Teen corps succeeds where county fails Allview residents delighted with cleanup

August 05, 1992|By Lan Nguyen | Lan Nguyen,Staff Writer

The stream bordering Margaret Smith's ragged backyard has eroded a chunk of her land -- 4 to 5 feet in the 15 years she's lived in Allview in Columbia.

So it came as a wonderful present Monday when a handful of teen-age Maryland Conservation Corps workers muscled away debris that had clogged the Beaver Run stream, causing it to flood and erode after heavy rainstorms.

She and other residents had complained for years that their basements were being flooded and their yards littered by glass, branches and trash that washed ashore after heavy storms. They say their complaints fell on deaf ears at the county Public Works Department.

"Now we're very happy the state's gone through on this," said Bill Amos, president of the Allview-Arrowhead Civic Association.

The neighborhood association turned to Del. Virginia Thomas, D-13A, for help. She wrote numerous letters to the county, urging them to restart a stream cleanup program she helped initiate when she was on the County Council from 1974 to 1982. She turned to Gov. William Donald Schaefer after she got nowhere with the county.

"They're losing their land," she said of the residents. "It's a real serious problem. The county will not put anything into cleaning ,, the stream."

The county Public Works Department said it couldn't remove stream debris in Allview because it tries to give residents equal treatment.

"If you had to do it in Allview, then in all fairness, it would have to be given to the rest of the residents," said Ronald Lepson, assistant director.

Mr. Lepson said the county will come in and help after the residents put out some effort to clean up stream debris themselves.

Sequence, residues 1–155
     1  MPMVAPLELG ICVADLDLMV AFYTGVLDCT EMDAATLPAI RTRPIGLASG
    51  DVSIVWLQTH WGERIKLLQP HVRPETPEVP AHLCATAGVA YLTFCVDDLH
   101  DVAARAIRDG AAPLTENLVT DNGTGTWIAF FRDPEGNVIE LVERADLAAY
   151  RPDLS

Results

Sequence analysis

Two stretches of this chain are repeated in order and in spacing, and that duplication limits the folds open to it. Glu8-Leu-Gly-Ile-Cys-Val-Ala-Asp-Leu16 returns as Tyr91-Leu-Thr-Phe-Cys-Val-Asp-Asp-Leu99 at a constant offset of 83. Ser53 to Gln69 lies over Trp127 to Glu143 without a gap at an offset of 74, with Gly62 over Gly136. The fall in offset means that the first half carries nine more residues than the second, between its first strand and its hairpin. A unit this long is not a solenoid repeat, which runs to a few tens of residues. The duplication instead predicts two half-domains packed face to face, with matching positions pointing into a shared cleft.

"The county cannot do all things for all people in all situations," Mr. Lepson said. "There has to be a partnership and an understanding of cooperation."

"In my opinion, the county is responsible because they allowed building developments without adequate storm water protection," Ms. Thomas said.

If stream debris is not removed and flooding and further erosion results, the county eventually might have to pay homeowners for the value of the two dozen homes that line Beaver Run, Ms. Thomas said. The homes, built on what the county considers flood plains, are valued between $150,000 and $200,000.

Allview needs an annual stream debris-removal program as well as a permanent erosion plan, Ms. Thomas said.

She said she was fortunate to work a deal to get the Maryland Conservation Corps, a state-run job program for 800 low-income youths, to lend a hand.

With gloves in hand and rubber boots thigh-high, the teen-agers scooped out fallen tree limbs and took out broken tree trunks.

Mrs. Smith, 80, happily baked the teens cupcakes. "They're doing a great job."

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